Health & Safety - Heat Stress Disorders Although summer heat is the largest cause of heat stress disorder, it may also occur when workers are exposed to confined areas such as pipelines, shipboard spaces with limited ventilation, and any confined area involving welding or cutting. Symptoms The symptoms of heat stress disorders are very slow to start, but increase in intensity if precautions are not taken. The onset of the initial symptoms are mild and usually involve headaches, thirst, and tiredness. Heat stress can move to heat stroke, a life-threatening medical emergency, quickly when the body's natural cooling system breaks down and causes the...

Skin Protection Should be a Priority Skin protection is a necessity. The skin is the single largest organ of the body. The skin, when healthy, protects us from chemical, physical, and biological hazards. Skin weighs about 10% of our total body weight and is approximately one-eighth of an inch thick. The skin is made up of two layers, the epidermis (outer layer) and the dermis (inner layer). The outer layer of skin is only 1/250th of an inch thick and is the part of our skin that forms the protective barrier. There are many skin irritants that employees may be exposed to...

IT IS HOT! Preventing Heat Stress Wow! What a scorcher! You knew it was going to be a hot day but with this humidity it has to be 105° F outside. You reach for that power tool to finish your job and start to feel lightheaded. It's probably because you haven't eaten much this morning. You can make it until lunch! Time passes and your condition hasn't gotten any better-in fact it's worse! Your breathing has increased, you're sweating profusely, and your mouth is dry. Something's wrong! You start to climb down the scaffolding but you're almost too weak to move. You...

Landscaper Safety A landscaper works outdoors to maintain and beautify the scenery. Their work involves tasks that could prove hazardous: electric and gas power tools, ladders, mowers, noise, sun, and weather exposure. It is prudent for landscapers to cultivate safety while they plant and prune the pansies. Landscapers use powered equipment such as trimmers, mowers, and chain saws to trim and prune grass and plants. Inspect these tools each time you use them to ensure that they are in proper working order. When using flammable fuels, ensure that the storage containers are approved for flammable liquids. Practice safe handling by limiting container...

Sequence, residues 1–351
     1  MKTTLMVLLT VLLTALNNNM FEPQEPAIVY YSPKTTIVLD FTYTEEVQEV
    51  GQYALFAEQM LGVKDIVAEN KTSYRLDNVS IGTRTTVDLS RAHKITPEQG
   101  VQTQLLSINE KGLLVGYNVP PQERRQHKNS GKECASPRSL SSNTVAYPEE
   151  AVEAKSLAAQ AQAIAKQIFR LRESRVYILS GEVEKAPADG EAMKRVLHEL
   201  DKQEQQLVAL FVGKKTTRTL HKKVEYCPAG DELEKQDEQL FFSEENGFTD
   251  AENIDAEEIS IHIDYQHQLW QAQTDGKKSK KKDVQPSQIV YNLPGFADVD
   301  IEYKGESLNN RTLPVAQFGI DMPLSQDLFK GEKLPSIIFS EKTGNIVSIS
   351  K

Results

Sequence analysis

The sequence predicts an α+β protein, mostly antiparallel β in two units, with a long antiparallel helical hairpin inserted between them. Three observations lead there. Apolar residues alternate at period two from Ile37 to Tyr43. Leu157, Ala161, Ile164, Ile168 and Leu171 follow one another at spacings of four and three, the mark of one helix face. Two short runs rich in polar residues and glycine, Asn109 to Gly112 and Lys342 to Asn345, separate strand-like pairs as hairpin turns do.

Heat Exhaustion During summer months we can be exposed to heat exhaustion. Excessive heat causes accidents in many ways. It becomes more difficult to concentrate on the job, you sweat, you get tired and nervous, and begin making errors in judgment. When the temperature exceeds 90 degrees, everyone needs to be aware of the danger signs. Heat Stress Everyone is at risk Drink plenty of water Take frequent breaks in a cool, shaded area Schedule strenuous tasks for earlier in the day Avoid beverages containing alcohol or caffeine Know the signs and symptoms of heat stress, heat stroke, heat exhaustion, heat cramps and...

Asphalt Worker Safety Asphalt is used for paving and surfacing roads, roofing, concrete work, and paints. It is made from petroleum products and is usually heated between 150-200 degrees F. Asphalt is often mixed with solvents (diesel, kerosene, naphtha, toluene, and xylene), binders, hardening and bonding agents (resins), crushed rock, sand, and recycled rubber. Exposure to asphalt fumes can cause serious health effects, so get training, and use safe work practices. When asphalt is heated, the fumes can cause coughing, a scratchy throat, or lung irritation. Long-term exposure can lead to bronchitis or emphysema. Asphalt additives may create vapors that can cause...

Sun Protection, No Skin off your Nose A suntan may look and feel good, but the sun’s rays can cause serious problems, when exposure is excessive. Radiation from the sunlight damages the skin. Besides sunburn it has been known to cause various types of skin cancer, including deadly melanomas. Having tanned or naturally dark skin does not eliminate the need for sun protection against the sun’s ultraviolet (UV) rays. The best precaution is to stay out of the sun as much as possible, but if your job requires you to be outdoors in the sun, wear sunscreen and cover your skin...

CAL/OSHA Heat Stress Changes Over the objections of employer groups and applause from labor representatives, the Cal/OSHA Standards Board approved major revisions to the state's heat illness prevention standard. Executive Officer Marley Hart said the board would request an early effective date for the revisions from the Office of Administrative Law – April 1 instead of July 1. That means that employers must revise their heat illness programs and train employees on an accelerated schedule, with barely five weeks before the changes become enforceable.  Under normal circumstances, the changes would trigger on July 1, as OAL sets effective dates quarterly and April...

Summer Alert - Heat Stress The U.S. Department of Labor’s Occupational Safety and Health Administration has announced the launch of its annual Campaign to Prevent Heat Stress in Outdoor Workers. For the fourth consecutive year, OSHA’s campaign aims to raise awareness and educate workers and employers about the dangers of working in hot weather and provide resources and guidance to address these hazards. Workers at particular risk are those in outdoor industries, such as agriculture, construction, landscaping and transportation. “Heat-related illnesses can be fatal, and employers are responsible for keeping workers safe,” says U.S. Secretary of Labor Thomas E. Perez. “Employers...